A city that offers visitors both rich culture and history as well as modern chic vibes, I believe that Riga is one of the hottest tourist destinations for a city break at the moment.
Riga was one of those locations that we chose to visit on a whim simply because there were cheap flights available and it was somewhere that neither of us had experience of or knew anything about.
We arrived completely in the dark, not knowing at all what to expect.
Sometimes those type of trips are the best, where there’s no pressure and you can just take your own time to explore.
We arrived at the airport in Riga, checked our phone for the best way to get into the city and off we went.
We actually landed in Riga on the weekend of a national celebration so it turned out that all public transport was free, which was a huge bonus and saved us the fare into the city.
Once in the centre it was just a short walk to the Park inn that we would call home for the weekend, so we checked in dropped our bags and set off to explore.
The first thing that we noticed about Riga was the buildings.
Every single building was completely different to the next.
You’d have old wooden buildings that looked like they could have used a new coat of paint twenty years ago right next to ultra modern glass fronted buildings housing upmarket restaurants and furniture stores.
There was no flow to the city and I think that’s what made it so appealing to us.
Riga is a huge mix different cultures all melted together into what can only be described as one of the most unique cities I’ve ever been to.
We spent three fantastic days here just wandering around and I would highly recommend visiting if you’re looking for a perfect winter city break or even a summer city break for that matter.
Since the majority of tourist attractions are pretty close together, this makes exploring a breeze.
Riga is a relatively small capital city.
Although smaller than most, this doesn’t mean there’s a shortage of things to see and do.
Here’s some of the top tourist attractions to visit in Riga.
House of the Blackheads
Situated in the old town part of Riga, this building was built in 1334 and was used for meetings and banquets held by Riga’s various public organizations.
The building was actually destroyed by bombs dropped during World War II and only recently fully rebuilt in 1999.
Unfortunately when we visited it was actually being renovated, so the front was covered in scaffolding and tarpaulin.
St Peters Church
If you’re looking to get that iconic view over the top of the city then this is the place to come.
Right in the centre of the old town is St Peters church and inside you’ll find this really dated lift that takes you up to the top floor where on a clear day you can see for miles all around.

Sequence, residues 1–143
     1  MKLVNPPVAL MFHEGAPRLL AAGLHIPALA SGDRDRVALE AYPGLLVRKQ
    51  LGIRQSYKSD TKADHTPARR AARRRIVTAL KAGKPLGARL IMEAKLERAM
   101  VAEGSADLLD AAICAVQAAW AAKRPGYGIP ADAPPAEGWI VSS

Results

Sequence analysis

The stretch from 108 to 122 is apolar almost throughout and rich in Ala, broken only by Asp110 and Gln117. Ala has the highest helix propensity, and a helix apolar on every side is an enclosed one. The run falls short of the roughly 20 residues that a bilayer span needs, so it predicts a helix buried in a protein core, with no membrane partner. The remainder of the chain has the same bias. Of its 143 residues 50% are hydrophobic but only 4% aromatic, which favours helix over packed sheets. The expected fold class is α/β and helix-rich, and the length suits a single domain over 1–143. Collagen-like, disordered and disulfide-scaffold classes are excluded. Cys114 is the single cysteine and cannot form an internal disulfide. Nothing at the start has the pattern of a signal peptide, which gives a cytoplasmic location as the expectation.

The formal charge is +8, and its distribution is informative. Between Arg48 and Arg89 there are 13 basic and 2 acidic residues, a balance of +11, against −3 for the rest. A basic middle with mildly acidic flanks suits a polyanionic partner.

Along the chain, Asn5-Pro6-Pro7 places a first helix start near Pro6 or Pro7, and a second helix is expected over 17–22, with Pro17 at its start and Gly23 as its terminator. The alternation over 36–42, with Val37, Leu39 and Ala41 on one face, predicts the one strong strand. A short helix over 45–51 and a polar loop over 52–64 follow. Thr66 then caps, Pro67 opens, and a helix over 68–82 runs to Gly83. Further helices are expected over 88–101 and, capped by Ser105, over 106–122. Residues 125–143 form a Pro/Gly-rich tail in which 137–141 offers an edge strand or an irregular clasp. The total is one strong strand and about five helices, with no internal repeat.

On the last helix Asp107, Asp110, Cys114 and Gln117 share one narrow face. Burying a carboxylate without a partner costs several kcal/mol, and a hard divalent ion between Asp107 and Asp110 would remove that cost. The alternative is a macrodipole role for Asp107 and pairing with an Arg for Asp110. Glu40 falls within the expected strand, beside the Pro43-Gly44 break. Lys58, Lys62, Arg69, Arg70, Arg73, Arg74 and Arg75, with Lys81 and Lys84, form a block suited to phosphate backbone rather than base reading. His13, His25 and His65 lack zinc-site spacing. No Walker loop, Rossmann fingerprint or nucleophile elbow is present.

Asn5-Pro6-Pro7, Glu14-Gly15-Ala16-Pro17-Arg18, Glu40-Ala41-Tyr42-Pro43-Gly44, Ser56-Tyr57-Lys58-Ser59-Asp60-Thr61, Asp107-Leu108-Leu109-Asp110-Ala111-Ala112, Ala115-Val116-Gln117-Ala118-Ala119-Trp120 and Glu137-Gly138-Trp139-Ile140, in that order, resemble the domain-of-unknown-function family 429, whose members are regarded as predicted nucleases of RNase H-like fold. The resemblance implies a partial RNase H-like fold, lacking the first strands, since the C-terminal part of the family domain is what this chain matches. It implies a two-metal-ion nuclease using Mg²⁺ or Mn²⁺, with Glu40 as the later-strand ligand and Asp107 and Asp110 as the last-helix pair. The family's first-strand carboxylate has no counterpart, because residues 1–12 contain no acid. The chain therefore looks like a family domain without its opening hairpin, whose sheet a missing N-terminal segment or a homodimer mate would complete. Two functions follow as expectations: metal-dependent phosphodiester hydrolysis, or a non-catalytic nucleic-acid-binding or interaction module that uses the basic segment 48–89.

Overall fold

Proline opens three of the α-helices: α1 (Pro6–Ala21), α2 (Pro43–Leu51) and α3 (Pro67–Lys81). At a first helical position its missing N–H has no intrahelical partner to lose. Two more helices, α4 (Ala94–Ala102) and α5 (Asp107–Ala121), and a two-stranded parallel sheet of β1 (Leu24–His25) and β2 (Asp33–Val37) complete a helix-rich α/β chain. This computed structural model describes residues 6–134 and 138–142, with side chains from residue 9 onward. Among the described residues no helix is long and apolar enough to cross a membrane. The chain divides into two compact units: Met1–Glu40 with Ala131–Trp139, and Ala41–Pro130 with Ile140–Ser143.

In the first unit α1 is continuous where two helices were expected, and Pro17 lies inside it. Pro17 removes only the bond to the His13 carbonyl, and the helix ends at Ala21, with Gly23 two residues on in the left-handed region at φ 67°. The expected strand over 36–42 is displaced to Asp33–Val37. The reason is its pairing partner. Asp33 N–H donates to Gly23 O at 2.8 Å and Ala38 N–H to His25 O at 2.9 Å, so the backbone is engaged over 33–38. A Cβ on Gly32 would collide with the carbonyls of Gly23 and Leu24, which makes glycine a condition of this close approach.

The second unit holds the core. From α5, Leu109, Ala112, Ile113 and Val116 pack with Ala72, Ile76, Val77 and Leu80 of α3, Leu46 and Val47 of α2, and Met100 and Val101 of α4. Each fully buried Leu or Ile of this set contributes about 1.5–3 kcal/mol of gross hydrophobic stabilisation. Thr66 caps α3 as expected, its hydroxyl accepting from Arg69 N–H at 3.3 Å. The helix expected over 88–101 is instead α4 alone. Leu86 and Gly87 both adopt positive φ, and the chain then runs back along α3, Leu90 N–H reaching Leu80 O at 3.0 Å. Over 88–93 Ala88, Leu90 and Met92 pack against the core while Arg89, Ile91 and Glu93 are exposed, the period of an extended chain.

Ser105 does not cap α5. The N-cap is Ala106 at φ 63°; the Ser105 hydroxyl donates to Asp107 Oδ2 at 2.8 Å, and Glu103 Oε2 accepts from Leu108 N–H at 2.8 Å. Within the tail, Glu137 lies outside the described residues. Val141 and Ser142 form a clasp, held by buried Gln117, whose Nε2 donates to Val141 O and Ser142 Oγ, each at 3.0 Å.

The views are incredible and this trip costs very little to do.
We would probably consider it one of the must do attractions for anyone visiting Riga.
Unless you’re afraid of heights, then probably just have a look around the church instead.
As you walk down the main street in the Centrs part of the city you’ll spot this large monument right in the middle.
Completed in 1935, this monument was built in memorial of the soldiers killed during the Latvian War of Independence and is considered an important symbol of the freedom, independence, and sovereignty of Latvia.
If you’re spending any time in the city centre, which most people would be, you will probably end up walking past this monument on a daily basis.
Just remember to stop and take notice of it.
The Three Brothers
If you were thinking these were the tale of the three brothers from Harry Potter then you were wrong.
You’ll walk past these houses probably two or three times when looking for them before you actually realise they are there.
Or at least that’s what happened to us.
Hidden away down a side street are these three buildings side by side that make up the oldest complex of houses in Riga, with each of them demonstrating the different styles of houses created during different periods in the history of the city.
Number 17 is the oldest and dates back to the 15th century.
19 dates back to 1646 and the newest building, number 21, from the late 17th century.
You can’t enter these buildings, so probably won’t be at this place for long, but it isn’t out of the way and is worth going past to check out.
In my opinion, one of the most impressive buildings in the city.
You’ll spot this just further up from the Freedom Monument on the edge of the Esplanade park and gardens.
Peeking through the trees, are these incredible white and gold ornate cupolas.
During the soviet era, this was actually converted into a restaurant and planetarium, but has since been restored to its former use of an orthodox church.
Be aware that if you do visit here, there are strict dress codes. No shorts and women are required to cover their head.
Art Nouveau District
One of the most unique things about the architecture in Riga is the sheer number of them built during the art nouveau period.
In fact over 1/3 of buildings in the city are art nouveau making it the highest concentration in the world.
With gargoyles and maidens lining all the rooftops and bright pastel colours.
No two buildings are the same and leaves you wandering each street to see what the next building is going to be like.
Are you considering visiting Riga on your next European city break or has this convinced you to add it to your list?
We’d love to hear from you in the comments below.